Operation Pangea II seizes 167,000 counterfeit pills

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A five-day international anti-counterfeiting operation, called ‘Operation Pangea II’ and involving regulators, police and customs officials from 24 countries, has resulted in a series of arrests and the seizure of 167,000 potentially harmful medical products or ‘counterfeit pills’.


In response to an ever-increasing number of websites supplying dangerous and illegal medicines, Operation Pangea II, involving 24 countries, was co-ordinated by INTERPOL and the World Health Organization’s (WHO) International Medical Products Anti-Counterfeiting Taskforce (IMPACT) to highlight the dangers of buying medicines online.

National medicines regulators, police and customs worked closely together on the global operation from 16–20 November 2009, focusing on the three principle components used by an illegal website to conduct their trade – the Internet Service Provider, payment systems and the delivery service.

During the operation, Internet monitoring revealed 751 websites engaged in illegal activity, including offering controlled or prescription only drugs, 72 of which have now been taken down. In addition, more than 16,000 packages were inspected by regulators and customs, 995 packages were seized and nearly 167,000 illicit and counterfeit pills – including antibiotics, steroids and slimming pills, confiscated. A total of 22 individuals are currently under investigation for a range of offences including illegally selling and supplying unlicensed or prescription-only medicines.

“Our primary goal in Operation Pangea II is to protect the public by removing counterfeit and illicit medicines from the market, by shutting down those engaged in illegal sales on the web and by criminally prosecuting those potentially putting the lives of innocent consumers at risk by selling counterfeit or illicit medicines,” said INTERPOL Secretary General Ronald K Noble.

Operation Pangea II increased participating countries over the Pangea II operation in 2008 from 8 to 24 and added police and customs agencies to complement the work of the drug regulatory agencies. In addition, this year’s effort devoted an entire week to the operation, as opposed to the one-day of action in 2008.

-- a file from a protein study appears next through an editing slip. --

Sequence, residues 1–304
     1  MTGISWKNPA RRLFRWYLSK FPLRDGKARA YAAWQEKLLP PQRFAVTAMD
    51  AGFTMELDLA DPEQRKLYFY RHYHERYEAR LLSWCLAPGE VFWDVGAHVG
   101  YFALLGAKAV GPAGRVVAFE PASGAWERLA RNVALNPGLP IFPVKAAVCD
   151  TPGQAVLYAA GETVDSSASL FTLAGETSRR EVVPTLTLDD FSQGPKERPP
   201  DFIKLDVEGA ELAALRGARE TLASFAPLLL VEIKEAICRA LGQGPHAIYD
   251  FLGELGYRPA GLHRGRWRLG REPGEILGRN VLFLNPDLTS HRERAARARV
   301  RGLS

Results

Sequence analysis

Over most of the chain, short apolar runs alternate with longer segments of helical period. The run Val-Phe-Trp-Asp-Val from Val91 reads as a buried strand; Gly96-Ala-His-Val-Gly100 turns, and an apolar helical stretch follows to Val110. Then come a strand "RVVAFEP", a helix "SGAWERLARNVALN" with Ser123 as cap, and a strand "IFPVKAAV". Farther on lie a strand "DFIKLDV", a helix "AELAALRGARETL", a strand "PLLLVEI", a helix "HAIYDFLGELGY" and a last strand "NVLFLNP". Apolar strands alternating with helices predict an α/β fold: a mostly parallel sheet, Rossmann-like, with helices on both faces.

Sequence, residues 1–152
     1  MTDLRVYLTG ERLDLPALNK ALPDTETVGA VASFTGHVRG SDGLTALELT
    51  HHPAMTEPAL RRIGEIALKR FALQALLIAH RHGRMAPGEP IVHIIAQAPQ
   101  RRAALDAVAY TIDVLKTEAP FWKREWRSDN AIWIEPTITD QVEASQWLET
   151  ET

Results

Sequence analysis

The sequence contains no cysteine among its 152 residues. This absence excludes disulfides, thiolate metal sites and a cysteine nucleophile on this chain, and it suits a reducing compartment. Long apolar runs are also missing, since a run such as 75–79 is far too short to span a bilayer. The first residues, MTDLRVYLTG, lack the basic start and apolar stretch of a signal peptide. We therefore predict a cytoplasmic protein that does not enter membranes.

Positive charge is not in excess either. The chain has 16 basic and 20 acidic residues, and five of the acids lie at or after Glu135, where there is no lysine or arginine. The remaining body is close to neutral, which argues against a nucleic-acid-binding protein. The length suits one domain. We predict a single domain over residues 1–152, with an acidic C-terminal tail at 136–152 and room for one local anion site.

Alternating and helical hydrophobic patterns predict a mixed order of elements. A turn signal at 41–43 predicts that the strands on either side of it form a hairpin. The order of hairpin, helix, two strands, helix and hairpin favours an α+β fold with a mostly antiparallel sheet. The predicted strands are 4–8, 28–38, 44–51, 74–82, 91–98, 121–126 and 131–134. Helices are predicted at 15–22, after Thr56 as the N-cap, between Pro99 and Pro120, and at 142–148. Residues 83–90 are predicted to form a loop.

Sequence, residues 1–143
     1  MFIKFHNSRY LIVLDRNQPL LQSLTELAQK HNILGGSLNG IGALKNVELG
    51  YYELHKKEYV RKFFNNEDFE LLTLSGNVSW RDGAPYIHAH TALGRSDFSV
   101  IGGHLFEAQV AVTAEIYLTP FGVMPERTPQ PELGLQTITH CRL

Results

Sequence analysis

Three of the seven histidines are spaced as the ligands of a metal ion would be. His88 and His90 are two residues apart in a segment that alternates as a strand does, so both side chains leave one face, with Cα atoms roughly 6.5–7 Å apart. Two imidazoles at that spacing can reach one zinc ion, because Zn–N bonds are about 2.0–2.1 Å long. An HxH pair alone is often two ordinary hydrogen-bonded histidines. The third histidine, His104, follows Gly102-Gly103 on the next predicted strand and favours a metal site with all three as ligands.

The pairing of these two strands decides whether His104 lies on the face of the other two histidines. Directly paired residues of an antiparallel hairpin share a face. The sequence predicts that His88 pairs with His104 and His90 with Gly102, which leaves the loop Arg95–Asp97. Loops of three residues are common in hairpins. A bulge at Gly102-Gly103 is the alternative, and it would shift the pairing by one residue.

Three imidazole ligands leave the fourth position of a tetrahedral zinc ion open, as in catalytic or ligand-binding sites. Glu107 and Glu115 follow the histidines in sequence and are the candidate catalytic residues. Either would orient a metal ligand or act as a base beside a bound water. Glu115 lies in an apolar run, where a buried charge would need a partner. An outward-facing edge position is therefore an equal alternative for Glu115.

“As the very positive results of this global effort are made public, INTERPOL and its member countries will prove again that the Internet is not an anonymous safe haven for those who use it for criminal purposes. We also hope that by raising public awareness about the dangers of illegal Internet pharmacies, consumers will exercise greater care when purchasing medicines on the Internet,” added Secretary General Noble.

“Our thanks go to the police, customs and regulatory officials in the 24 participating countries as well as to our partner international organizations, such as the World Health Organization’s IMPACT, the World Customs Organization and Universal Postal Union, whose tireless efforts and dedication have made Operation Pangea II such a success,” Mr Noble.

The operation was also run with significant support from the Permanent Forum on International Pharmaceutical Crime (PFIPC) the World Customs Organization, the UK’s Medicines and Health Care products Regulatory Agency (MHRA), the US Food and Drug Administration and Immigration and Customs Enforcement, the Royal Canadian Mounted Police and Health Canada.

Countries involved in Operation Pangea II were - Australia, Austria, Belgium, Canada, Czech Republic, Denmark, France, Germany, Ireland, Israel, Italy, Liechtenstein, The Netherlands, New Zealand, Norway, Portugal, Singapore, South Africa, Spain, Sweden, Switzerland, Thailand, the UK and the USA.

Investigations are continuing, with the final results from Operation Pangea II to be released upon their conclusion.

The MHRA made three arrests during raids on suspected locations. These raids found medicines for erectile dysfunction, hair loss, contraception, weight loss, pain relief, asthma, local anaesthesia and steroids, which are worth £300,000, according to the MHRA.

Mr Mick Deats, MHRA Head of Enforcement, explained that “international operation is the only way to deal with an international problem”, adding that Pangea II “is a great example of the collaboration needed to tackle this type of crime”.

Beyond this, there was also collaboration between agencies in each country and region.

At the 2009 American Association of Pharmaceutical Scientists’s Annual Meeting held on 8–12 November 2009 at Los Angeles, USA, Mr Guy Villax, CEO of Hovione, noted that the lack of a relationship between European customs officials and medicine agencies hinders enforcement.

Taylor N. Anti-counterfeiting effort seizes 167,000 pills. In-Pharma Technologist. 2009 Nov 2009.

International operation combats online supply of counterfeit and illegal medicines. INTERPOL media release. 2009 Nov 19.

Source: In-Pharma Technologist; INTERPOL media release

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